Still, many employees gripe about wasting valuable time and energy in meetings. And the amount of time wasted is adding up. According to a study by Ovum and join.me by LogMeIn, senior executives lose an average of five full days and 19 hours every year waiting for late meetings to start. As companies try to be more engaging and productive, the way they conduct meetings needs to follow suit. They need to adapt to a younger, more collaborative workforce accustomed to ad hoc and virtual meetings.

Click here to for five ways to make meetings more productive on BusinessInsider.com.

         

Your web conferencing solution is costing you more than five days each year.

5daysHave you ever heard anyone say, “I’m really psyched! I have a ton of meetings today”? Probably not, because in general, meetings are a painful albeit necessary part of everyone’s work life.

         

Can IT remain relevant in the era of BYOA? New research reveals 7 key findings

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Two megatrends — the rise of cloud applications and the consumerization of IT — are conspiring to change IT as we know it.  And in turn, they are calling  into question the value and very relevance of the role of IT, itself.   Today we released the first in a series of  studies designed to explore the state of IT management in today’s “BYO” workplace.  Featuring input from nearly 1400 IT professionals and business professionals, the  report  focuses on the rapid rise of employee introduced apps, or the bring-your-own-app (BYOA) trend, and explores how consumerized cloud apps have become both a challenge and a blind spot for many IT professionals.

A full copy of the BYOA report, Managing applications in the age of BYOA: Reclaiming IT’s strategic role, is available for download.  We’ll delve into the key findings, including key steps IT pros can take to embrace and manage this new reality in future posts, but here’s quick look at some of the highlights and takeaways.

Key findings:

1. BYOA is here to stay.

70% of organizations have some presence of BYOA and it’s a trend that is only going to increase.

2. IT significantly underestimates the scale of BYOA.

IT professionals in this global survey estimated they have, on average, 2.8 applications that were brought into the organization by employees. But LogMeIn data based on companies analyzed in the past 6 months shows the average to be closer to 21 apps–more than 7x what IT estimates.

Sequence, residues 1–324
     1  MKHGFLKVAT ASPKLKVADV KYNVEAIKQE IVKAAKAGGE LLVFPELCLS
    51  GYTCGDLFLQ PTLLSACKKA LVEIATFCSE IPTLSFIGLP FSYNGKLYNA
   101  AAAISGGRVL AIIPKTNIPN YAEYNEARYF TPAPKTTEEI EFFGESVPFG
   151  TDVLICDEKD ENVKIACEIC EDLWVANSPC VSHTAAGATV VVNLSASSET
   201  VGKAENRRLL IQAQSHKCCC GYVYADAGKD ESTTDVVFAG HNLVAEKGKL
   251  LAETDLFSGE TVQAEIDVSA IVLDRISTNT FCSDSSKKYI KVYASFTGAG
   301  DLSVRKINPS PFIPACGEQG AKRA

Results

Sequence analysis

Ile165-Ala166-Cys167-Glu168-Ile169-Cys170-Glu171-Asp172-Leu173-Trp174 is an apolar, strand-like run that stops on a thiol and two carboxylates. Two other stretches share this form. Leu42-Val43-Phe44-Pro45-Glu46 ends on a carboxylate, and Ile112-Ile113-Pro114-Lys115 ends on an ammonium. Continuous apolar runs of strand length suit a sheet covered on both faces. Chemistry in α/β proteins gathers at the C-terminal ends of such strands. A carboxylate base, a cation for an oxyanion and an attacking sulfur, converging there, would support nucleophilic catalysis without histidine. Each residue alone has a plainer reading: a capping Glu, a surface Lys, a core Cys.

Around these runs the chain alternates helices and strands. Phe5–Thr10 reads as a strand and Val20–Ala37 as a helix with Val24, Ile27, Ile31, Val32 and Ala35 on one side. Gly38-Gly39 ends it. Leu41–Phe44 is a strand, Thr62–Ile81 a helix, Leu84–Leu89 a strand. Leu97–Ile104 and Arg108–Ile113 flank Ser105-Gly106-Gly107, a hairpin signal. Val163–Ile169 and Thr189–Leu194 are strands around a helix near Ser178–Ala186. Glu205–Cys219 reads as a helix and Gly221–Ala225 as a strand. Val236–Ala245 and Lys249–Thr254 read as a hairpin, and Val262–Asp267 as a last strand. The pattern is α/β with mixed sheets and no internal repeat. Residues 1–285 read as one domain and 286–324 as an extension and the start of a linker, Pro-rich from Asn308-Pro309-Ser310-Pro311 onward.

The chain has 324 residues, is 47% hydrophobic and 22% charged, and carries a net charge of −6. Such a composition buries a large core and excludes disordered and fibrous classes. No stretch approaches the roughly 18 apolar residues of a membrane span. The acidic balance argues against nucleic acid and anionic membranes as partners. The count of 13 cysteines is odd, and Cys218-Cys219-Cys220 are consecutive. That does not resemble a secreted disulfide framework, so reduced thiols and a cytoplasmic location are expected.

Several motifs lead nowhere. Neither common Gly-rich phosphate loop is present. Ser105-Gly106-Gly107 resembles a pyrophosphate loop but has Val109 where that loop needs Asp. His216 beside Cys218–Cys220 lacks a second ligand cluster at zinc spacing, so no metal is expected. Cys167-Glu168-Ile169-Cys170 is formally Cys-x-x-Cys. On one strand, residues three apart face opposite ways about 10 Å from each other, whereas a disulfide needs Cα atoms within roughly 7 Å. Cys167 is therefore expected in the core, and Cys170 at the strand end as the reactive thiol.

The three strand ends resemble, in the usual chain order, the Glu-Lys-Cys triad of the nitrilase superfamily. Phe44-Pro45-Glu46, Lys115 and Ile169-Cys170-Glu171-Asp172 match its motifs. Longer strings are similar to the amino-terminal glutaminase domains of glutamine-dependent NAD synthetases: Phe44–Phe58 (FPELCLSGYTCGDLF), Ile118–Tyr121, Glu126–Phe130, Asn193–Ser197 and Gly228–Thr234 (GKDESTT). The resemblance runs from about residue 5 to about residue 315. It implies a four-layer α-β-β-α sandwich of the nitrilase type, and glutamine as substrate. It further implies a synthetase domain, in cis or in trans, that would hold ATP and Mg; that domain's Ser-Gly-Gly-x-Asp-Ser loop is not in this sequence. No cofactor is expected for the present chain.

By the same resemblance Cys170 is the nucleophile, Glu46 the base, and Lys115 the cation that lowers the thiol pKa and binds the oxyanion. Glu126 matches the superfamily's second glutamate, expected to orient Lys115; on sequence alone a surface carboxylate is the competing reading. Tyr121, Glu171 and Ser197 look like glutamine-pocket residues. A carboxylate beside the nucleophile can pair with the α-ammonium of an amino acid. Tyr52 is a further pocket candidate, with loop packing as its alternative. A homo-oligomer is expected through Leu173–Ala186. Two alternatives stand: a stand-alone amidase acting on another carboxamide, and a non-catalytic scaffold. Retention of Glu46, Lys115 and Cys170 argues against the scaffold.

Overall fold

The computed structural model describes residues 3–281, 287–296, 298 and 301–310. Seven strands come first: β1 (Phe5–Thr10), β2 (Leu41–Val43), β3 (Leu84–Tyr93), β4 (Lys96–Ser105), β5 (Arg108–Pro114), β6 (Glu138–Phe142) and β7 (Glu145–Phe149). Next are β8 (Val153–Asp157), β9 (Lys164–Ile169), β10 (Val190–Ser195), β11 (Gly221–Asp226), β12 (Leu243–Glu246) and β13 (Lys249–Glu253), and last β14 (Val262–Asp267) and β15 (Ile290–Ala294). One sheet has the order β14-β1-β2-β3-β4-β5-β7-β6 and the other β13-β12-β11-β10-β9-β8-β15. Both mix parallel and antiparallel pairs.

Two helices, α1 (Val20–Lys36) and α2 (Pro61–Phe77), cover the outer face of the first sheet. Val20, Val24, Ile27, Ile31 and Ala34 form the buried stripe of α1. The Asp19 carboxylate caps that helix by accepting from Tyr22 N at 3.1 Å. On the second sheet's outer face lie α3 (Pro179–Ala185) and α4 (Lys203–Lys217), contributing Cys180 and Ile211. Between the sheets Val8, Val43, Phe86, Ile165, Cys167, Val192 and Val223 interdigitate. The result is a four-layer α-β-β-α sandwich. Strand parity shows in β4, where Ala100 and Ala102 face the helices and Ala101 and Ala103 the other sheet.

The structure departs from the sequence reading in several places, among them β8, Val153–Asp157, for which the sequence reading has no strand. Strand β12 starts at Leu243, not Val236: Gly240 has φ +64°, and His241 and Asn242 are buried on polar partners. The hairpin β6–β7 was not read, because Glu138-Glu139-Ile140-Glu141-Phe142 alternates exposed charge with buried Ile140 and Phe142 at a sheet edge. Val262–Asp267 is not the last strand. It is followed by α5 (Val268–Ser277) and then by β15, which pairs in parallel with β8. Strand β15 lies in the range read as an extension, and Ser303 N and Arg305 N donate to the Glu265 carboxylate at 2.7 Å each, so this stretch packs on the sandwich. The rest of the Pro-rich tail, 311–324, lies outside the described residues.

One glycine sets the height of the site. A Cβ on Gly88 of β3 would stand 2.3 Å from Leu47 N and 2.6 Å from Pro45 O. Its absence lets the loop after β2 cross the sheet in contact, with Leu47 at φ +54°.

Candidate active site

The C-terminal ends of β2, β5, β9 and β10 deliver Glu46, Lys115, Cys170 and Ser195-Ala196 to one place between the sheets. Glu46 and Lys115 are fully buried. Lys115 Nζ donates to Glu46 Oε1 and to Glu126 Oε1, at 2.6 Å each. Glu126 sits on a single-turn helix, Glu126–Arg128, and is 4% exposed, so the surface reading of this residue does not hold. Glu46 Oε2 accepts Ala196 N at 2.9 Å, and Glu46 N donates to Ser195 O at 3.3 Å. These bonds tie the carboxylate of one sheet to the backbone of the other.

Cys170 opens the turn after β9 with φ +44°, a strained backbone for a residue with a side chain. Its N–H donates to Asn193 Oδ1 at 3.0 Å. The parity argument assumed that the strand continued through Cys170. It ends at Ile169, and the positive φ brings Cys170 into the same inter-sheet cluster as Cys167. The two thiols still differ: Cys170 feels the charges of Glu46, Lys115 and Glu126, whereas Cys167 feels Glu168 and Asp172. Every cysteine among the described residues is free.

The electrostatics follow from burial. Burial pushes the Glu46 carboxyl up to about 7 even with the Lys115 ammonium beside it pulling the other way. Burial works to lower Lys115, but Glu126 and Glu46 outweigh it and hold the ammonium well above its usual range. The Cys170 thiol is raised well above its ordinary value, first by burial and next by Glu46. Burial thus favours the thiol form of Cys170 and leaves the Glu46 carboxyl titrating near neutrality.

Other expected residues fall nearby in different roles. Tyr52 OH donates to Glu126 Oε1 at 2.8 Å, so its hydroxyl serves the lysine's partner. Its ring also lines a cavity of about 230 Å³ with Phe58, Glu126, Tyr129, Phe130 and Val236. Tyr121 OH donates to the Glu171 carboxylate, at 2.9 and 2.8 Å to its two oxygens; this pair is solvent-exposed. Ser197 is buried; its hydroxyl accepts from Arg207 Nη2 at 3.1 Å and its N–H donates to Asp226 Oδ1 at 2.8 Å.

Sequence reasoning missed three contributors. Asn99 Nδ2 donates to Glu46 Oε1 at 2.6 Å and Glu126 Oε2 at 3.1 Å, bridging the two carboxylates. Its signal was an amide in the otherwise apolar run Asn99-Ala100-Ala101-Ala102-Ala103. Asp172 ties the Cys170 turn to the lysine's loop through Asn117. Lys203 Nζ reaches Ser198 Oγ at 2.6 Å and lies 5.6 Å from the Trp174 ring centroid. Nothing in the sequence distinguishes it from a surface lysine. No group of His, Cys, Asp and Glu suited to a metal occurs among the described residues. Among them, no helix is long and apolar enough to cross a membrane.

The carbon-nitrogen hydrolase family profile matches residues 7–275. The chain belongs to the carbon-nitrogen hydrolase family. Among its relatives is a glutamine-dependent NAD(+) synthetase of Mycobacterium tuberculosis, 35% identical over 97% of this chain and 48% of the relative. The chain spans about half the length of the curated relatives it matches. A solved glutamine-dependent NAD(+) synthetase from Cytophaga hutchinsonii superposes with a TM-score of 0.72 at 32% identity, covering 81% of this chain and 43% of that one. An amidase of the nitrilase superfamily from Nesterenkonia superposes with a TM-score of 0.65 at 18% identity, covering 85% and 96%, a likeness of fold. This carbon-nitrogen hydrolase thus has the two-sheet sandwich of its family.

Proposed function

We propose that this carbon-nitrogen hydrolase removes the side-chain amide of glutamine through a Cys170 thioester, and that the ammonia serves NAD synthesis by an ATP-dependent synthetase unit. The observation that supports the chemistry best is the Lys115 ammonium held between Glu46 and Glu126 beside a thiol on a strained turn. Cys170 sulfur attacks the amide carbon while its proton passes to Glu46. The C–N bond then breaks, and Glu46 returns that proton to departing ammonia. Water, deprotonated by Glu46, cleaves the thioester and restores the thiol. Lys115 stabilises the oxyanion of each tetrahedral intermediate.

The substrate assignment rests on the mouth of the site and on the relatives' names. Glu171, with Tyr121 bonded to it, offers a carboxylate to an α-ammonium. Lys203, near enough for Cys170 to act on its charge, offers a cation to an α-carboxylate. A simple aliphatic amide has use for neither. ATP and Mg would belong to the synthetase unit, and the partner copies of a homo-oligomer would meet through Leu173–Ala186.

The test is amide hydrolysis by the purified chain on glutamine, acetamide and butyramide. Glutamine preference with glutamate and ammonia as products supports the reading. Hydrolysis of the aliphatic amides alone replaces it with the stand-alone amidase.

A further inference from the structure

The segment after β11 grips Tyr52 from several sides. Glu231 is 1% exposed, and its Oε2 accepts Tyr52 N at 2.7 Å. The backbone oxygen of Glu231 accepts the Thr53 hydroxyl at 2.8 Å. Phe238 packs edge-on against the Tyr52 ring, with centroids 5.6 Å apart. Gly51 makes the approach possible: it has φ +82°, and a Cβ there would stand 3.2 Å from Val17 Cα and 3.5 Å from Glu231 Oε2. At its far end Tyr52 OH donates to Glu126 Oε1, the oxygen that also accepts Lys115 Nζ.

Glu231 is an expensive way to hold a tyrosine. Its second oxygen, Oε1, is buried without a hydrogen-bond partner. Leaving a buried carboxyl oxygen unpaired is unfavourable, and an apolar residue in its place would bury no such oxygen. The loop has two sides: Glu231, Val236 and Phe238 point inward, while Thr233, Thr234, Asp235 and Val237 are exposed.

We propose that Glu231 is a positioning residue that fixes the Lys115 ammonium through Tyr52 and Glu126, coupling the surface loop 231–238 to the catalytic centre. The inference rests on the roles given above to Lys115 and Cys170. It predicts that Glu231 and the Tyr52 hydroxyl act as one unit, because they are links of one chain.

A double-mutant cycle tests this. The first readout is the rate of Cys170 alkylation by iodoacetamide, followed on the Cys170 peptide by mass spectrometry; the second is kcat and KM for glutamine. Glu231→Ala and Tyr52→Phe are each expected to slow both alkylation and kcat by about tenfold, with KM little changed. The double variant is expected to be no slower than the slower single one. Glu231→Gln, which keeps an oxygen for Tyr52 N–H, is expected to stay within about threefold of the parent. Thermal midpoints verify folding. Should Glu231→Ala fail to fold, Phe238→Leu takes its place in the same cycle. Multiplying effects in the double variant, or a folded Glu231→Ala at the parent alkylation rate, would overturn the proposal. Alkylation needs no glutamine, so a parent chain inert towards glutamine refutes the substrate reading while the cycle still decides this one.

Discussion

3. Consumerization of Apps is accelerating.

Employees are bringing in their own applications in the first place because they’re unhappy with solutions provided by IT. More than 64% of the time, applications are brought in by employees when a solution already exists.

4. IT is out of the loop.

More importantly, employees are consulting IT less than half the time when choosing these applications. Then, even after IT endorses these employee-introduced applications, IT is rarely involved in provisioning or managing them.

5. Security risks are inconsistently managed-if at all.

IT professionals acknowledge that BYOA poses huge security risks, and takes some of the control for technology out of their hands, but many are not actively working to address the problem; only 38% currently have a policy in place.

6. Active employee engagement can help.

There are many positive things that can come out of allowing employees to introduce applications if managed properly. Apps brought in by employees tend to be more user-friendly, mobile-friendly, and better suited for collaboration.

7. IT has the ability to choose its role.

IT professionals can decide what role they want to play. They can act as gatekeepers and restrict app adoption, act as passive observers, and let the adoption happen without their involvement–or IT can act as strategic facilitators, managing and shaping the adoption and direction of the growing BYOA trend.

         

Infographic: Is there a place for IT in the age of BYOA

Two megatrends — the rise of cloud applications and the consumerization of IT — are conspiring to change IT as we know it. Today we released the first in a series of studies designed to explore the state of IT management in today’s “BYO” workplace. You can get full copy of the BYOA report, Managing applications in the age of BYOA: Reclaiming IT’s strategic role here, or get some quick highlights on our blog or from the infographic below.

BYOA_infographic

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LogMeIn Insider: Customer Engagement Strategies

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We’re excited to share the first edition of the LogMeIn Insider. This quarterly eBook will provide insights around our various products while providing quality information and helpful tips for our readers. In this first issue, we focus on customer engagement strategies featuring top BoldChat blog posts, which discuss the latest and greatest in the world of live chat, including:

  • Five Points to Consider for Live Chat
  • The Cost of Not Having Live Chat
  • The Science of eCommerce: New Research Looks at Cart Abandonment by the Numbers
  • What’s it Going to Be? Chat or Email? Why not Both?
  • We Want it All. We Want it Now. You Get Very Little.

Click here to read the full eBook, LogMeIn Insider: Customer Engagement Strategies, now!